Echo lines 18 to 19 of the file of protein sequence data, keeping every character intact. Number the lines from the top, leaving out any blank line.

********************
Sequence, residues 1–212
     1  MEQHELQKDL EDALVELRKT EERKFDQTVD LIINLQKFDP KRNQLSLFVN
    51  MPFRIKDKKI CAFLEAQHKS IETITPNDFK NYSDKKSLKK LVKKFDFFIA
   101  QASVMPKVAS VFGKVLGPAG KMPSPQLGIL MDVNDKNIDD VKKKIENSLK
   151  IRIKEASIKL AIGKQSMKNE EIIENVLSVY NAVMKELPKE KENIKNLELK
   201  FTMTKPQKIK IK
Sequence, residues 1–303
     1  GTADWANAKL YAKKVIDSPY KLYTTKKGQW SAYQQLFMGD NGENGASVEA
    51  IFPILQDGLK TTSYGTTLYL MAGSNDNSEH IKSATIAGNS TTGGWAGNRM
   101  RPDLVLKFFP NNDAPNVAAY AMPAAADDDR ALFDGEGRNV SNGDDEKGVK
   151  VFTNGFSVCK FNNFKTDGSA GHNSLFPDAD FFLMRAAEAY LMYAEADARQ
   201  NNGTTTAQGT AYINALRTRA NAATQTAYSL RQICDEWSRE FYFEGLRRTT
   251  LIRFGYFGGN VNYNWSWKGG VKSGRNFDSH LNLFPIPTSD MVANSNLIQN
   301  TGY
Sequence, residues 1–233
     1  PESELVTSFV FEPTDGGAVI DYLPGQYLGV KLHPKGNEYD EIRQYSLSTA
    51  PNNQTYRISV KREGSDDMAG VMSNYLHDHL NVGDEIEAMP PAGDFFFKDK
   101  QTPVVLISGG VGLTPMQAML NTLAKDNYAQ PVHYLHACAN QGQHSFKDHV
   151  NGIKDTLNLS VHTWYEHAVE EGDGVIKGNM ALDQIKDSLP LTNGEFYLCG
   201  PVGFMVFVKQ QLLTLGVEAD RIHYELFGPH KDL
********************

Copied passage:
   101  QTPVVLISGG VGLTPMQAML NTLAKDNYAQ PVHYLHACAN QGQHSFKDHV
   151  NGIKDTLNLS VHTWYEHAVE EGDGVIKGNM ALDQIKDSLP LTNGEFYLCG